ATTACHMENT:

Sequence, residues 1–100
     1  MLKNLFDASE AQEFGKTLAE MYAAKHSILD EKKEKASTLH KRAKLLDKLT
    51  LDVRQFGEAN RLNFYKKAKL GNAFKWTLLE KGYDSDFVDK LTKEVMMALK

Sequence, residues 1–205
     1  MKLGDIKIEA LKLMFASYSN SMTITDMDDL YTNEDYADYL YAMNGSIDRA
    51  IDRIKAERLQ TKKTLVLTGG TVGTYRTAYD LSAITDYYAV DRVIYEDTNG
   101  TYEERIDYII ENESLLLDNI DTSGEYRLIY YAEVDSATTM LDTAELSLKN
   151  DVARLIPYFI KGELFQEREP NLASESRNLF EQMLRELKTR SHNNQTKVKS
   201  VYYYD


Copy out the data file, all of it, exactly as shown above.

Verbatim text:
Sequence, residues 1–100
     1  MLKNLFDASE AQEFGKTLAE MYAAKHSILD EKKEKASTLH KRAKLLDKLT
    51  LDVRQFGEAN RLNFYKKAKL GNAFKWTLLE KGYDSDFVDK LTKEVMMALK

Sequence, residues 1–205
     1  MKLGDIKIEA LKLMFASYSN SMTITDMDDL YTNEDYADYL YAMNGSIDRA
    51  IDRIKAERLQ TKKTLVLTGG TVGTYRTAYD LSAITDYYAV DRVIYEDTNG
   101  TYEERIDYII ENESLLLDNI DTSGEYRLIY YAEVDSATTM LDTAELSLKN
   151  DVARLIPYFI KGELFQEREP NLASESRNLF EQMLRELKTR SHNNQTKVKS
   201  VYYYD